Table 3 Direct and indirect effects for model 1

Mental health quality of life

Moving on to Model 2 (see Table 4; χ2(2) = 57.37, CFI = .95, RMSEA = .11, SRMR = .02), shift work was not directly related to mental health QOL (β = -.03, p = .30). Direct effects from shift work to our mediators mirrored those found in Model 1 (i.e., significant effects for less drinking [β = -.10, p < .01], less physical exercise [β = -.12, p < .01], and less consumption of healthy foods [β = -.11, p < .01]). When modeling direct effects from our mediators to mental health QOL, poor sleep quality (β = -.39, p < .01), physical exercise frequency (β = .08, p < .01), and consumption of healthy foods (β = .13, p < .01) were significantly related to mental health QOL, but not drinking (β = -.02, p = .58) or smoking (β = .00, p = .99). Multiple significant indirect effects were observed, namely shift work to mental health QOL through weekly exercise frequency (β = -.01, 95%CI[-.018, -.003], p < .05; variance accounted for: 15.8%) and consumption of healthy foods (β = -.01, 95%CI[-.023, -.007], p < .01, variance accounted for: 22.2%). Put differently, shift work is negatively related to mental health QOL through a decrease in weekly exercise frequency and consumption of healthy foods.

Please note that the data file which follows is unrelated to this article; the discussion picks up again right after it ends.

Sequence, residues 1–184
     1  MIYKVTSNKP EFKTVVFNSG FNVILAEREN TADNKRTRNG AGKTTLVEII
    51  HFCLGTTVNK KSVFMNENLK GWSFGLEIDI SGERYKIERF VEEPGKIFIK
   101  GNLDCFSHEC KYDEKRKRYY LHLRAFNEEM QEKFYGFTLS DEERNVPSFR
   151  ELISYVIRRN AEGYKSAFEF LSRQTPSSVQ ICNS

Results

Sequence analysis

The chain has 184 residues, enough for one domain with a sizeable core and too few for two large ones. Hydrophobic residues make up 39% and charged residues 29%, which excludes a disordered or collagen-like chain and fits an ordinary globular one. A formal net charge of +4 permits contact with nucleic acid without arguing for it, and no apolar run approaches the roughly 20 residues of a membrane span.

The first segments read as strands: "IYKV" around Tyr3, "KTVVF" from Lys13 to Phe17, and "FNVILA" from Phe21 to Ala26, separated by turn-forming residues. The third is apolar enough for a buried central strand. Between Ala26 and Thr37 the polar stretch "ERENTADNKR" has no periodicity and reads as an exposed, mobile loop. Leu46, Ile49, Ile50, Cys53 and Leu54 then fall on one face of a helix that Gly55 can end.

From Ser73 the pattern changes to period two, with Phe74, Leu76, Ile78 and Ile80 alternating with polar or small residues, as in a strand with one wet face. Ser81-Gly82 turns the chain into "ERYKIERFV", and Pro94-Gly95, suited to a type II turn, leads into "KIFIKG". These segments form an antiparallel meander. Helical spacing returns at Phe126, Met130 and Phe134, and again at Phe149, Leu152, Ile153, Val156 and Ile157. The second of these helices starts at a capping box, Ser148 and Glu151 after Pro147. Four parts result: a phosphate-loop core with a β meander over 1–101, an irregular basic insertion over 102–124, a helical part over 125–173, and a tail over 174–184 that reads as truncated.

Table 4 Direct and indirect effects for model 2


Shift work arrangements are not only increasingly prevalent [1, 2] but present a serious threat to workers’ health and QoL. Yet the specific reasons for QoL challenges among this growing group and, as a result, promising intervention points are missing in the current literature. Applying an integrated theoretical framework, our study samples a large group of petroleum workers, half of whom worked on a shift schedule, to assess whether and which health behaviors link shift work schedules to poorer QoL. Interestingly, shift work in and of itself did not directly relate to poorer physical or mental health QoL. Instead, worse health behaviors, specifically lesser consumption of healthy food and lesser physical exercise engagement, fully mediated the association between shift work schedules and QoL issues.